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HACKDATA 2017: INNOVATING THROUGH DATASETS AND AI

Written by Aditya Badola

7th-8th October, Library 2nd floor: Laptops clad with swag stickers swung open this October Saturday with SNU ACM’s first big event, HackData 2017. Universities from near and far registered in this event with a footfall of 70 participants and 7 members in the organizing team: Vijay Nandwani [President, ACM], Shubhang Aurora, Sheikh Araf, Shubhangi Kishore, Pallavi Gupta, Radhika and Raghu. The hackers were introduced to each other in an ice breaking session until lunch time on 7th October as the organizers efficiently warmed the crowd to the welcoming desk introducing the themes for the event. A few of these creative topics included scope for AI development, machine learning, data analytics and so on. For the benefit of the reader, a list of the themes is hereby mentioned:

  1. Rise Of Bots [Train an AI model]
  2. Mint [Innovate financial services and related technology]
  3. Doctor You [Health care services]
  4. Geek city [Crunch datasets to transform city technology]
  5. Juke Box [Entertainment for the next generation]

Since ACM had promised bountiful prizes to the winning teams, there was an ambitious fire to win in everybody’s eyes. Besides cash prizes, free licenses and merchandise there was a special prize for an all women team as well. After an extensive effort to rope in sponsors since the past two months, HackData boasted of 22 sponsors, led by TechGig. Naturally, the coders had a few perks in hand during the contest. This included access to datasets and API libraries provided by sponsors such as John Snow Labs or a chance to win premium membership for online accounts in Evernote or Balsamiq. The languages used by the coders ranged from Java to Python to JS to C, all the while extracting and analyzing datasets to serve the purpose of their code. The organizing team assisted by Paul George took an active role in evaluating and suggesting changes to developing codes all through the night. However, Sunday saw this 30 hour event coming to a quick end, which gave a robust boost to many teams to wrap up their codes efficiently. With the judging panel seated by Ankur Bansal (VP of Product TechGig), Dolly Sharma, Anuradha Ravi and Samant Sourabh (CS faculty), the teams quickly dived into preparing presentations and speeches for their respective projects. By 2pm, this whirlwind of an event began to filter the content of each project in front of the judges. Spear ended questions pierced each project at the vulnerable points, and had very soon generated a healthy debate between judges and teams defending their codes and utility. The runners up, Abstergo-a team from MAIT had created a Bitcoin value predictor. Second runners up, Enciphers from MSIT presented a voice search browser. The overall winner however, belonged to home team Bit-please (Mudit Saxena, Prakamya Mishra, Raman Dutt) from SNU who had creatively designed a biodegradable-waste-predictor application that could make use of robotics to automate waste segregation. Even though the mechanics of this project were not prepared, the judges were able to see the scope and effect of such a project in the future. Mr. Ankur took the stage to thank all the teams for presenting new ideas in such short time, and he was met with a polite applause. By the evening, HackData had concluded its run, but not quite as Anuradha ma’am aptly chimed in the mic, “Keep coding!”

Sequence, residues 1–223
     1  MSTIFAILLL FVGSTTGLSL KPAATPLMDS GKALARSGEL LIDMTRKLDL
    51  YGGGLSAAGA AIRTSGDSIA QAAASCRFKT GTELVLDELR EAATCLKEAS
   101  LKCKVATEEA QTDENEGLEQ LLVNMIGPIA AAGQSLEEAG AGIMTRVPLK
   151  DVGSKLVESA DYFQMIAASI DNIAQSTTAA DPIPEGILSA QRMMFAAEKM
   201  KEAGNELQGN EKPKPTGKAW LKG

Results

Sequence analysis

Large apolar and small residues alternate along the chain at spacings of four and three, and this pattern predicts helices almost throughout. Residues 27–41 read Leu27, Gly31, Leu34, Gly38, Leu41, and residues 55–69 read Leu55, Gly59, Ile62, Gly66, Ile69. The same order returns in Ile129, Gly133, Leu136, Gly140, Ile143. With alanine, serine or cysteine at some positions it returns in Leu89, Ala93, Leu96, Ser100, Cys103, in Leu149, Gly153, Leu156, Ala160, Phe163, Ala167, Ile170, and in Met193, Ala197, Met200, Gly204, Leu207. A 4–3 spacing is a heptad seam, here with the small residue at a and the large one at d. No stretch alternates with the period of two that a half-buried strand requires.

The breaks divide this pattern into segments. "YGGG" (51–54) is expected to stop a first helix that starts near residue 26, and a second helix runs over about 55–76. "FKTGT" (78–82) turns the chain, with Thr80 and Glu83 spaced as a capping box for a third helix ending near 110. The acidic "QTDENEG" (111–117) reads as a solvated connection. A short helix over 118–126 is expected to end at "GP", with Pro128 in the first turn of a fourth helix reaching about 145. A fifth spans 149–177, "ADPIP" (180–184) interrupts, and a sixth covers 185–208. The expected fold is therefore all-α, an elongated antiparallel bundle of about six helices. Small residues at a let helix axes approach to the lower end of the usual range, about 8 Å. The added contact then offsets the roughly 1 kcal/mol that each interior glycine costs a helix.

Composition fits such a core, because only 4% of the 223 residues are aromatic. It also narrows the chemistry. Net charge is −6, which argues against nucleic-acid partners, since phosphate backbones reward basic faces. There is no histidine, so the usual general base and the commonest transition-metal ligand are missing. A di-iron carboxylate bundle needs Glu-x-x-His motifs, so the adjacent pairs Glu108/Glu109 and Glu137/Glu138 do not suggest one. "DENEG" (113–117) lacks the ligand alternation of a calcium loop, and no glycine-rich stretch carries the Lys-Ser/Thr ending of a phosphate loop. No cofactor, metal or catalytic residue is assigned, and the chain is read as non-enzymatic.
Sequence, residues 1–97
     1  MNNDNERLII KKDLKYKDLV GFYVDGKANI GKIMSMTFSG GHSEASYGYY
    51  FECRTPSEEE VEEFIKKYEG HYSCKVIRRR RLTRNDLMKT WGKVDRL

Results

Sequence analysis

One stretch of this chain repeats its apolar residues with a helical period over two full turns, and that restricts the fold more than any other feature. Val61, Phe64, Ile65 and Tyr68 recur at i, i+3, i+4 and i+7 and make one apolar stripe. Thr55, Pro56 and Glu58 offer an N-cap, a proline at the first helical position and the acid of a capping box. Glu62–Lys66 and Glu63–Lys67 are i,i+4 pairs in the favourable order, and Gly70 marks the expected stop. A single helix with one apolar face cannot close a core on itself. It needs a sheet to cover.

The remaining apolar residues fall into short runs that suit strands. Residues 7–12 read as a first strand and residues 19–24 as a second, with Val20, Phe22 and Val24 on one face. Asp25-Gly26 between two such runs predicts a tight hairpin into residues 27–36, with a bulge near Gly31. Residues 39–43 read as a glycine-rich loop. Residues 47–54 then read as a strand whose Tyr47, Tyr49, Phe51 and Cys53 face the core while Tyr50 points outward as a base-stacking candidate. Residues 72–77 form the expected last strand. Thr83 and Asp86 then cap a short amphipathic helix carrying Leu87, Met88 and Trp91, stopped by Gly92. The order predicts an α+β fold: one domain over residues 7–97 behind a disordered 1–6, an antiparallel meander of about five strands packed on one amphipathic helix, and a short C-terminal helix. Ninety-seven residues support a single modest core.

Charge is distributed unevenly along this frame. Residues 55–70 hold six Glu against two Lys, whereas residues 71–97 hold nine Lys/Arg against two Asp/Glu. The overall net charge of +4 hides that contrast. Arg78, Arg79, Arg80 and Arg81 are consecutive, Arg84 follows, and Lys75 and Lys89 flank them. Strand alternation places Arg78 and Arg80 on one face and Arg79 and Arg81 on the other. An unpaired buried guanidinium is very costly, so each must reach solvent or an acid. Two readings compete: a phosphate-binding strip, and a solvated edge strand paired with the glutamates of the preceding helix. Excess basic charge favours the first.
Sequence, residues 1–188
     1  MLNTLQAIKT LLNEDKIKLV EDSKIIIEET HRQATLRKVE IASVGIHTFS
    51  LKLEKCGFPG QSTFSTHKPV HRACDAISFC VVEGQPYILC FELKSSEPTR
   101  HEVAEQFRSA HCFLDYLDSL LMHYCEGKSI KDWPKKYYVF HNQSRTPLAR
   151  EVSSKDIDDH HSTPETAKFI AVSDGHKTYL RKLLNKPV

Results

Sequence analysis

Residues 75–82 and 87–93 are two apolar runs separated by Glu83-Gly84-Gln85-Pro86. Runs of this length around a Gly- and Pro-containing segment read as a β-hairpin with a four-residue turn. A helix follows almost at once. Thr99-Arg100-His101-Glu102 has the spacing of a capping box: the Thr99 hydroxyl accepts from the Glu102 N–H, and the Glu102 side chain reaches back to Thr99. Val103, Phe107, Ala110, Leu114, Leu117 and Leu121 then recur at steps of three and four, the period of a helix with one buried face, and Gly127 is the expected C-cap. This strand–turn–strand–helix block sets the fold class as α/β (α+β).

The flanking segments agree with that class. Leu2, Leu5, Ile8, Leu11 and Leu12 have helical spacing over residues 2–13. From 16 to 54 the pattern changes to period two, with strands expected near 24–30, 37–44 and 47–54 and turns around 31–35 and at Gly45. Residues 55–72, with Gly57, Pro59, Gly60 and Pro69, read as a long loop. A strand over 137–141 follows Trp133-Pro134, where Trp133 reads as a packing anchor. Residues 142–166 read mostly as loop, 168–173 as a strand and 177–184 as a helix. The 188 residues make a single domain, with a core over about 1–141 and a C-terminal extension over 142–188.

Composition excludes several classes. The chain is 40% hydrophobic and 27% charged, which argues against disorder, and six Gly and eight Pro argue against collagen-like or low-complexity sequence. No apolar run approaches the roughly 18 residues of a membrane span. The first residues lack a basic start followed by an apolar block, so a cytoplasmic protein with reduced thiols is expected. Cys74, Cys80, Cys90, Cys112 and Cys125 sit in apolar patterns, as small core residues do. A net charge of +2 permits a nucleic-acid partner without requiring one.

About the author

Aditya Badola

My best friend said every person is an incomplete book; I write for the thrill of each page.

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